The 15 Billion Pound Railway

Retro

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I sometimes watch documentaries, but I have to admit that I normally find them a bit on the boring side, even when I want to watch them to the end.

Not this BBC one.

Documenting the construction of London's new Elizabeth Line railway all the way up to the grand opening, it's really interesting from the start. Other than the 4 year and £4 billion overrun, what especially struck me was the shear pride and joy it gave to some of the staff interviewed. One lady literally said that she "bounces out of bed" to come to work! I've never heard that before, incredible. Such a sense of pride that she and other interviewees felt. Fascinating program, give it a watch.

Note: it doesn't have much longer before it expires (the DRM pulls it, sigh) so watch it on iPlayer / Sky etc as soon as possible if you're interested.

Also, the IMDB entry shows it as 9 episodes. The version I watched was just two at an hour each, which I think is an updated and summarised version since it covered the grand opening of the Elizabeth Line in May 2022 and was shown as a two-parter. I think there will be a follow-up episode or two though since the line is being opened in stages, with completion next year. Unless it overruns again...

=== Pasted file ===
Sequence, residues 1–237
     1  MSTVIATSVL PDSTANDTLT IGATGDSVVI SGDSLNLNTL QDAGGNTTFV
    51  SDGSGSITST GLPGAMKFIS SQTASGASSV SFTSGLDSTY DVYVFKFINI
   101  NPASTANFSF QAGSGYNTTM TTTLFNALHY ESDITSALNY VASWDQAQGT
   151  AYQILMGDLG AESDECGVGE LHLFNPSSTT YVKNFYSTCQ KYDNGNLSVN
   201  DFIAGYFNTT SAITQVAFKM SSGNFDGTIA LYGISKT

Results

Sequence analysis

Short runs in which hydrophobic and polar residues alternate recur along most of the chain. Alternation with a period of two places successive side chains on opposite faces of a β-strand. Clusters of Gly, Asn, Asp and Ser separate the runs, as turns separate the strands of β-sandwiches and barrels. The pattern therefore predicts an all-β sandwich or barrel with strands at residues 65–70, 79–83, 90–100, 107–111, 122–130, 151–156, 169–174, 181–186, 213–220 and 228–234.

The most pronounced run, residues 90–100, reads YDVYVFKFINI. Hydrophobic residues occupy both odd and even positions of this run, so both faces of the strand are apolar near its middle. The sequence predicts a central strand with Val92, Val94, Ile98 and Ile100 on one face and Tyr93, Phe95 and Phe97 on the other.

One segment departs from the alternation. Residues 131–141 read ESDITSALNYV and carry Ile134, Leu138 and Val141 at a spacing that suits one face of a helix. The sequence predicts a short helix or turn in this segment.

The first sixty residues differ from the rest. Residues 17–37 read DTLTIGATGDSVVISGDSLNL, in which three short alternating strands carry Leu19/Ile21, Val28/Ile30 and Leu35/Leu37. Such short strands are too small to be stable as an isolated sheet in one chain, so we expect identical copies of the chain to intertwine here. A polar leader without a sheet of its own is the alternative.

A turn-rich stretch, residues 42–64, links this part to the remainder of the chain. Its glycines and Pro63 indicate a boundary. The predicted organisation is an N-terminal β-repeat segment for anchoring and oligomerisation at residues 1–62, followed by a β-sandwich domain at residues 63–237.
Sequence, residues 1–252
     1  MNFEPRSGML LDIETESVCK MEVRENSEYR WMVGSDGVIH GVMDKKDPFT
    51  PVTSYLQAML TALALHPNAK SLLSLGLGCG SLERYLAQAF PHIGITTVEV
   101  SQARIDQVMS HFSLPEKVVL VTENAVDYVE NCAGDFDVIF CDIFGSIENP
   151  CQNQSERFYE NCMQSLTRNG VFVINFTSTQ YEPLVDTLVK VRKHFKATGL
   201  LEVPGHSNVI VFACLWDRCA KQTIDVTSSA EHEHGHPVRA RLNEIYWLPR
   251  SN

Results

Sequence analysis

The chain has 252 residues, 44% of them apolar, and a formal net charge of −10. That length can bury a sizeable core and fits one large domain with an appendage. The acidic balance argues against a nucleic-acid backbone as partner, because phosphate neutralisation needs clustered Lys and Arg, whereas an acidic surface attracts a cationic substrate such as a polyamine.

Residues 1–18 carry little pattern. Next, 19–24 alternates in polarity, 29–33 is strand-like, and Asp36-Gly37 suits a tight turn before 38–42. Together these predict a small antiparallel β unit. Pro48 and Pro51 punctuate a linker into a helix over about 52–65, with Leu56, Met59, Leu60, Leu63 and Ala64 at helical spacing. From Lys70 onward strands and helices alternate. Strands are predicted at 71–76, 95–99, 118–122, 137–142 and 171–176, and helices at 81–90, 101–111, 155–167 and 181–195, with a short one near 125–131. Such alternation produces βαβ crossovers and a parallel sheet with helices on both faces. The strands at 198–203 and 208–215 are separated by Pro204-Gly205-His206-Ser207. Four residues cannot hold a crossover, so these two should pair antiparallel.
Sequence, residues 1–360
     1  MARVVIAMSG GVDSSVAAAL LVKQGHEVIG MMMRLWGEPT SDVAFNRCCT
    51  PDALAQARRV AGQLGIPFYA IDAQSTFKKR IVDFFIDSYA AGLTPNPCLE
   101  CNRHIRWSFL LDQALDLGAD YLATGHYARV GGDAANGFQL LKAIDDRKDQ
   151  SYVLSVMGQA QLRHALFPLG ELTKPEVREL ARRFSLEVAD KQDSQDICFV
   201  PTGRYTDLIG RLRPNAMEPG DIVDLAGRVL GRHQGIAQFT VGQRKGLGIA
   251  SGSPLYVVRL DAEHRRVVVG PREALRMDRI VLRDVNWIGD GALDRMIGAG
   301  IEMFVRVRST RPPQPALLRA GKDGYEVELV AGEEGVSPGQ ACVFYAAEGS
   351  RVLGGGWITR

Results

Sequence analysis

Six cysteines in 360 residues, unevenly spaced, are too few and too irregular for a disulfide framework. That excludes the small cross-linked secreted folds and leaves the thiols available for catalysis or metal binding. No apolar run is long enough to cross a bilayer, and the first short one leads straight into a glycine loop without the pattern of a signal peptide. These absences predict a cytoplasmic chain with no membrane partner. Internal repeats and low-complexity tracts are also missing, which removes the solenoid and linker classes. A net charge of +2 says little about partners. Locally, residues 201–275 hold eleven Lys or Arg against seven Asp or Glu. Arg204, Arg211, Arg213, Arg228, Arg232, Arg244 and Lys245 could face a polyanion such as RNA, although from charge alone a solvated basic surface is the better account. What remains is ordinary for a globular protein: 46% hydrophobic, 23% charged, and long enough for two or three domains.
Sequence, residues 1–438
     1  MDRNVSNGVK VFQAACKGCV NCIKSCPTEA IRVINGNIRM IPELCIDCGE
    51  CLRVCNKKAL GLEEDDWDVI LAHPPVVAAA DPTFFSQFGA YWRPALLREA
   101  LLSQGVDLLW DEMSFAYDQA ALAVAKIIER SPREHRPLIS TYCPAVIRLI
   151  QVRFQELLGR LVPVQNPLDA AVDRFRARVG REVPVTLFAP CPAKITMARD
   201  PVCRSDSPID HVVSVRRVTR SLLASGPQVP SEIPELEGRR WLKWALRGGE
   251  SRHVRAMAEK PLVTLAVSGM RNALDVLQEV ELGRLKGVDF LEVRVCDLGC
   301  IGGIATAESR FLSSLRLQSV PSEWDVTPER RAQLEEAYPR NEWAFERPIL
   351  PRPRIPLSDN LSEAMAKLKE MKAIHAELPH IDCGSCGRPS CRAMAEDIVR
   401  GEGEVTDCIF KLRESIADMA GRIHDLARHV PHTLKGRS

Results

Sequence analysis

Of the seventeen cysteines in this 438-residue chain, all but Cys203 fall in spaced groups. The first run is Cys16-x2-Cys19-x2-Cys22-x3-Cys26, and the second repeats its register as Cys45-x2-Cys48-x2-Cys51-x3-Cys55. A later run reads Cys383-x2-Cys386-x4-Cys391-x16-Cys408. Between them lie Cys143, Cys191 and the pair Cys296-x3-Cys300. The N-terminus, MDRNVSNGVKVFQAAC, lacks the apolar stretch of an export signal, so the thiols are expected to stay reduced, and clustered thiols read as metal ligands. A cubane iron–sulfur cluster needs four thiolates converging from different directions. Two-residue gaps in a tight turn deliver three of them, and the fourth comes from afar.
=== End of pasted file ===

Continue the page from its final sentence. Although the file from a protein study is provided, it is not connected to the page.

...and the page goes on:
Nerd factor: well, it's trains, innit. ;)


15Brailway.jpg
 

Arantor

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I think a lot of people underestimate railway workers in general. A good many of them do it because they love what they do - aside from dealing with people who can be awful, that is.

You have a mammoth engineering project - building a new line is no mean feat at the best of times since you have to tangle it around/through/around all the other lines that are already there, and simply pulling that off is worth a reasonable amount of pride - just as the engineers were rightly proud when they connected up the two halves of the Channel Tunnel all those years ago.

And there is an amount of pride to be had in representing the newest, brightest part of the oldest underground rail network in the world, especially if you're a latent monarchist.

But above all, there is pride to be had in knowing that you are enabling people to do their thing. Whether it's making sure they can get to work, or to the zoo or a museum or a park or a concert, there is something to be said for all the people who make that happen. They can and do take pride in enabling others.

And of course, there are people who simply love trains.
 

Retro

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Indeed, when I look at the shear complexity and scale of something like this, I feel completely overwhelmed in trying to figure out how to put it all together. But of course, it's "simply" a matter of science (lots of science) and careful planning by skilled people over a long period of time that achieves such things. No wonder they feel such pride. Respect.

And of course, to know that you've made a positive impact at the end of it all. It's not just a vanity project.
 

Arantor

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Yup, this was a worthwhile project, unfortunately unlike the HS2 project and friends that I think were promised as a political stunt and never really thought through properly before starting. Unlike HS2 though, you can’t really get an Underground wrong because the consequences are pretty dire…
 
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